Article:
By Jeff Jones

Twitter – @jmjones

CHICAGO — One of the most exciting things about coming to the ballpark everyday is the evergreen opportunity to see something rare. On Saturday, those in attendance got to see something genuinely unusual.

They got to see José Martínez get mad.

A disputed call of time in the ninth inning was followed by a quick pitch by Cubs reliever Pedro Strop that Martínez felt shouldn’t have been delivered. Though he stayed in the game, the ensuing argument dragged on for a few minutes. Long enough, at least, to have a lasting impact on the at-bat – Martínez struck out.

“After that you cannot get back to the plan, of course,” Martínez said on Saturday afternoon. “I mean, I wish I [could] actually go back. My manager told me, ‘I need you in the game,’ of course. My body [was] there, but not my mind.”

His body has been many places throughout a long career in baseball. Born in Venezuela, Martínez got his first taste of professional ball (outside of his father, Carlos’s, Major League career) in the Venezuelan Winter League. He was a teammate there of Chicago White Sox infielder Yolmer Sánchez, who eagerly praised Martínez on Sunday morning.

“If you’re around him you’re never gonna be sad or mad,” Sánchez said. “This is the kind of guy that you wanna be around all the time because he’s always happy. Doesn’t matter. He always is happy and all the time, when I see him on TV, he’s always smiling, playing around. He’s a good guy.”

Cardinals manager Mike Shildt had perhaps the best description of José – “Hosey’s a human Red Bull.”

“He’s exciting. He’s got great energy. He’s in a good mood, he’s got a beautiful smile, he loves and has got passion for the game. But that guy’s got fire. That guy’s got some serious fire.”

Shildt was careful to emphasize that fire. Martínez said on Sunday that he couldn’t remember the last time he was angry on a baseball field. Shildt said firmly that he could, but with a laugh, explained, “well if he can’t remember, I don’t remember either.”

That fire comes from a career that included stops in the minors for the White Sox and the Atlanta Braves – a brief period of release in independent ball – and then Kansas City before the Cardinals organization. Through all of that, Sánchez said, Martínez has remained the same guy.

“He’s been through…a lot of moments,” Sánchez said. “He got released, surgeries on his knee, and he played in independent league and then he signed with Kansas City.”

“He killed Triple-A and he [didn’t] get a chance to play in big leagues with Kansas City. So he’s been through a lot of things, but he always stays positive. He always keeps working hard, and look who he is right now.”

Sánchez, who first met Martínez in 2011 while playing winter ball for Martínez’s hometown Tiburones de La Guaira, said that he follows the Cardinals outfielder on social media. He was impressed by Martínez’s diversity of interests; charitable work in Venezuela, some brief stints as a DJ, and his Primos Cafecito coffee line.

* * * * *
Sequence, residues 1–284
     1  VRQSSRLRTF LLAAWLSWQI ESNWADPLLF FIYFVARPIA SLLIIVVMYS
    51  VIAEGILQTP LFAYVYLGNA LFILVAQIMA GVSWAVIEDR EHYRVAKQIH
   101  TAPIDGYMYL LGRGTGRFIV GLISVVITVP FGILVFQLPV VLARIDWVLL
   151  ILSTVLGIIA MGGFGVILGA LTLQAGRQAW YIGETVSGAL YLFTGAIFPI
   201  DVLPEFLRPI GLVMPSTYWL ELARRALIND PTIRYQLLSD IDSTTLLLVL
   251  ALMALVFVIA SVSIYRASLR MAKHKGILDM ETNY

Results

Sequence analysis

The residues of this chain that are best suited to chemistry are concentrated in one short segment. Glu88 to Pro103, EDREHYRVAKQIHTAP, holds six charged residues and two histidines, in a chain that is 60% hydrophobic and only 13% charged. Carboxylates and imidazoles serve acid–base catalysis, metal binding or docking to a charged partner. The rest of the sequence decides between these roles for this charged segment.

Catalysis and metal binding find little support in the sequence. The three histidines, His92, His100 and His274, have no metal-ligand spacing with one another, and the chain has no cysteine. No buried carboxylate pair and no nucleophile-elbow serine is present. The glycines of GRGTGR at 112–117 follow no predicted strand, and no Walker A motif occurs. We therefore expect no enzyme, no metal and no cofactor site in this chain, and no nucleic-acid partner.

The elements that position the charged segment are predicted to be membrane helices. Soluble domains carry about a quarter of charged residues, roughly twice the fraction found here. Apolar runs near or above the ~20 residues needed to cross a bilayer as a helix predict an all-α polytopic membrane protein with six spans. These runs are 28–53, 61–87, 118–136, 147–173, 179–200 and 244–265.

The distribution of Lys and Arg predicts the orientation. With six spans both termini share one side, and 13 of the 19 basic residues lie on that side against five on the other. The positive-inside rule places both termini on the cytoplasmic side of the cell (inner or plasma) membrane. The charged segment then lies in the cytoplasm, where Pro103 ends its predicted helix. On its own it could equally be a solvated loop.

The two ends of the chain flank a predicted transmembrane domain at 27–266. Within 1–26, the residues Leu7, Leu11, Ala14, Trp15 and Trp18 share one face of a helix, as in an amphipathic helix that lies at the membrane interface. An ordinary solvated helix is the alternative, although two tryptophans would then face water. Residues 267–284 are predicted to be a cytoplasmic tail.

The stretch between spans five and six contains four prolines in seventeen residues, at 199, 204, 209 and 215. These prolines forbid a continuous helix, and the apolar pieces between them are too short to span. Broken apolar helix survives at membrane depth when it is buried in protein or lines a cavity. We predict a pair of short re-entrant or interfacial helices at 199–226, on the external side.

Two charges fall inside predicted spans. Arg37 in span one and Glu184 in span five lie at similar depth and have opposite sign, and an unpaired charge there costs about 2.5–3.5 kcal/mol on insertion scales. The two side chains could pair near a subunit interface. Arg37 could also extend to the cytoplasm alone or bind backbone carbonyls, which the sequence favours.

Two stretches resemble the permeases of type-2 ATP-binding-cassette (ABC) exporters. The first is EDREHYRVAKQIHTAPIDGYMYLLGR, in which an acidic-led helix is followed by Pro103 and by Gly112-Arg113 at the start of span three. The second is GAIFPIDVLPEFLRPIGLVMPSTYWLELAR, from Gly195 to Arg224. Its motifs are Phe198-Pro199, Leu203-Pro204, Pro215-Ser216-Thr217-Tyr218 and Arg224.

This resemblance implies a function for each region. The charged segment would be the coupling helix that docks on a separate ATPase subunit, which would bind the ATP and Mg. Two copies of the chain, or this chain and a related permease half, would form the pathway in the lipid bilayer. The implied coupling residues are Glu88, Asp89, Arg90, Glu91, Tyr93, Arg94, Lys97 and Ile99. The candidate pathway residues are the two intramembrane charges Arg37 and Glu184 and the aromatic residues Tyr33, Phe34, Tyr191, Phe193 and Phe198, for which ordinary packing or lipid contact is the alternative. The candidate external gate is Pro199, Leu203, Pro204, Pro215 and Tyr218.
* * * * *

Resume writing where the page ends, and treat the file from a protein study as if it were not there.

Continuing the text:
Shildt’s most impressed by the competitor. He stressed Sunday that there are four characteristics which can help determine the success of an outfielder’s throws to bases. “How quickly they come get the ball, how quickly they get rid of it, how accurate they are, those are all three things you can control. And then your arm strength’s your arm strength.”

Martínez, long criticized for his uneven defensive play, flashed a strong throw on Saturday in delivering a strike to third base to throw out Kris Bryant to end the first inning. Shildt praised him for working during batting practice to refine his throws, Martínez praised work done by Willie McGee, and McGee shrugged and said, “I’m not doin’ nothin’.”

Martínez explained that while playing first base last year, his arm angle on throws tilted downward in order to accommodate the shorter distances. That sapped him of some strength. Now, back in the outfield, he’s over the top full time and delivering the ball as strong as ever.

“You always want to be good out there,” Martínez explained. “And [first base] was a new position. I’m not saying excuses. There [were] a lot of coaches that spent a lot of time with me practicing and ground balls and stuff, but of course I feel better [in the outfield].

“Instincts. That’s a big part of it.”

Martínez took a picture – posted on Instagram – with Alex Rodriguez on Saturday afternoon. Cafecito was back to his usual self on Sunday afternoon. He had teammates in hysterics as he gave a spirited interpretation of Atlanta pitcher Max Fried’s dive into home plate in Miami, which was playing on TV.

“La Bicicleta!” he yelled as he spun his arms. Spanish for “bicycle,” and the name of a 2017 reggaeton hit for Shakira and Carlos Vives that DJ Cafecito is, no doubt, aware of.

“You can argue [with umpires],” he explained, “but it’s not gonna change the call.”

Nor, says Sánchez, is it going to change Martínez.

“When I met Café [the] first time until today,” Sánchez said, “he stayed the same. Same person. Nothing changed on him.

“He’s crazy. He’s unbelievable.”